Archived entries for the savory and salty

Asparagus bundles with bacon,
panko and chili mayonnaise


This is my first entry in Beets N Squash YOU! a monthly themed recipe contest with a featured vegetable. This month it’s my favorite spring veg: asparagus.


My usual preparation for asparagus is simple: grilled or stir-fried with garlic and salt. It’s one of those vegetables that needs very little attention to taste great.

But, with Easter coming up, I thought I’d get a little more ambitious. One of my fave restaurants here in The Hague is Mochi, which unfortunately bills itself as ‘Japanese-Latin fusion’. (Anyone who knows me knows I’m a total hater on the asian fusion front.) However. The food, which of course is trendy little dishes, is delish, so I’ll forgive them for that as well as their fusion sins. The best dish there, in my opinion, is an appetizer called asperges hirado. It involves all my favorite things: Asparagus. Bacon. Panko. Deep-frying. Mayonnaise. Need I say more?


So I thought I would take a stab at it. What’s even better is that this is the easiest thing ever to make, and it looks great, so would make a pretty appetizer for guests. The key to its success is using pencil-thin asparagus and very thin-sliced bacon. If the asparagus is too thick, it won’t cook through. For the bacon, I used ‘ontbijtspek’ for this (basically a super thin breakfast bacon that is a little bit sweet). Thin pancetta, or even proscuitto would work here; just don’t use thick-sliced bacon because the deep-frying will go super quick.

At Mochi they serve this with wasabi mayonnaise. I made a milk mayonnaise with garlic, then mixed it with sweet chili sauce, two to one. A little sweet, a little spicy. Perfect for the salty crunchy asparagus bundles.

Asparagus bundles with bacon, panko and chili mayonnaise
serves 4-6 as an appetizer

200g thin asparagus
about 200g thinly sliced bacon
2 eggs, lightly beaten
1 cup of panko breadcrumbs (more or less)
300-400ml sunflower oil for frying

For the chili mayonnaise
1/4 cup mayonnaise (homemade or store-bought)
2 tablespoons sweet chili sauce

  1. The asparagus should be about 20cm long (8 inches or so, or less). This makes it easier to wrap in the bacon and to fry. Group the asparagus in bundles of five.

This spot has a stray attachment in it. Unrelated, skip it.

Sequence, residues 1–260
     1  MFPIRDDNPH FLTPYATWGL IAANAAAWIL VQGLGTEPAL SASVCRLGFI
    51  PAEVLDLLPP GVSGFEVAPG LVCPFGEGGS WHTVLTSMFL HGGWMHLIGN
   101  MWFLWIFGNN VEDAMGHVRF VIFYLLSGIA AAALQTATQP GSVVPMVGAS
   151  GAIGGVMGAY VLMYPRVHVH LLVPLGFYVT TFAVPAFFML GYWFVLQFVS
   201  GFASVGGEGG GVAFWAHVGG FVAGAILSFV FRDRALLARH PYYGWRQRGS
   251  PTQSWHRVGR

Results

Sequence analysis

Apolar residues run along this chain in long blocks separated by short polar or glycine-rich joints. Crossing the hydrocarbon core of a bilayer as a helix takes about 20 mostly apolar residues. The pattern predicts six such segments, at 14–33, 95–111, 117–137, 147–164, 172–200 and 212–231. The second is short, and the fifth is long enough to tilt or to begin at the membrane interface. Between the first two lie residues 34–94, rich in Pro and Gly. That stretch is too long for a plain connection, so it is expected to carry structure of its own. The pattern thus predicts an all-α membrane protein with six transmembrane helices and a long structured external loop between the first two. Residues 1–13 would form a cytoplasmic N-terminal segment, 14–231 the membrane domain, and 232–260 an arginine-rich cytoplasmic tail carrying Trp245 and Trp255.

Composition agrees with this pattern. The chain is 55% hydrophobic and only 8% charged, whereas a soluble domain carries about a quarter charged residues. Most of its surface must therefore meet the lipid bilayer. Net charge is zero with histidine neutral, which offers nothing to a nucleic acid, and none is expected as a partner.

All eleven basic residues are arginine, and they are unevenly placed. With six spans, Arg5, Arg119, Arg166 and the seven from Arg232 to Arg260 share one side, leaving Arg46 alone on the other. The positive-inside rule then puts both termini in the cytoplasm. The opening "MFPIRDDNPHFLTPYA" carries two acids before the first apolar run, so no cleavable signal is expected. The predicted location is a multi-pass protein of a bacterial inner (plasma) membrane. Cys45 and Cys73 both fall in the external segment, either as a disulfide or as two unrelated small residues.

2. Wrap each bundle with one or two slices of bacon, keeping the asparagus tips exposed. Basically there should be two layers of bacon to keep the bundle together.
  3. Place the egg in a shallow dish, and the panko in a separate shallow dish. Dip each bundle first in the egg, then the panko.
  4. Heat the oil in a saucepan to 325 degrees F (160 C). Fry the bundles in batches, turning them with tongs as they become golden. Each bundle shouldn’t take more than 2-3 minutes.
  5. Slice each bundle into two pieces. Combine the mayo and chili sauce. Serve immediately.



Caldereta is one of my favorite comfort foods. Traditionally, it is a Filipino beef stew with tomatoes. This is a dish you will often see at turo-turo places – otherwise known as point-point joints. At the point-point joint, you point at the steam tray that looks best to you. More accurately, the steam tray that looks least repulsive. They stir up the lukewarm mixture, breaking up the grease on top, and slop it into a Styrofoam container with a heap of rice. (Can you tell I’m not a big fan of the steam tray places?)

Let’s just say there’s a turo-turo place in the city I used to live in that continually seemed to get shut down by the health department. And that was the “okay” place. *shudder*

That said, it makes sense to make your caldereta from scratch because it is fantastic when it’s homemade. I’m not going to make any serious claims toward authenticity here. I add a bit of tamarind in the beginning for sourness, and a can of good whole tomatoes instead of some fresh ones. Oftentimes you find green beans in caldereta, but instead I add potatoes (you can’t go wrong with meat and potatoes) and stir fry crisp green beans as a side dish. As I’m frying the onions in the beginning, I also throw in a big pinch of red pepper flakes to add a little heat.

I use beef chuck for this, and instead of cutting it into cubes, I leave the pieces large (easier when you are browning it) and slow cook it long enough for the meat to fall apart. Also a secret addition: if you have a piece of bone-in oxtail, add it. It gives great flavor. And by the way, this is great in a slow cooker: a winter dinner that’s ready as soon as you get home from work. What can be better?

Serves 4-6 with steamed rice
UPDATE: Thanks to Allan’s comment below, I’ve added liver pate as an optional ingredient, and adjusted the tamarind paste also as an optional ingredient (as it’s not really traditionally used). Many Filipino cooks use liver pate as a thickener in this dish. I prefer it without, but feel free to try it!

Vegetable oil
2 pounds (1 kg) boneless beef chuck
1 medium piece of oxtail (optional)
1 15-oz (500g) can of whole tomatoes
1-1/2 cups water
1 large onion, diced
3 cloves garlic, minced
1-inch knob of ginger, grated or minced
1 tablespoon tamarind paste (use a tablespoon balsamic vinegar if you don’t have tamarind) (optional)
3 tablespoons liver pate (optional)
½ pound cubed, peeled red potatoes
1 pinch red pepper flakes
2 teaspoons salt
A small handful of cilantro, minced for garnish (optional)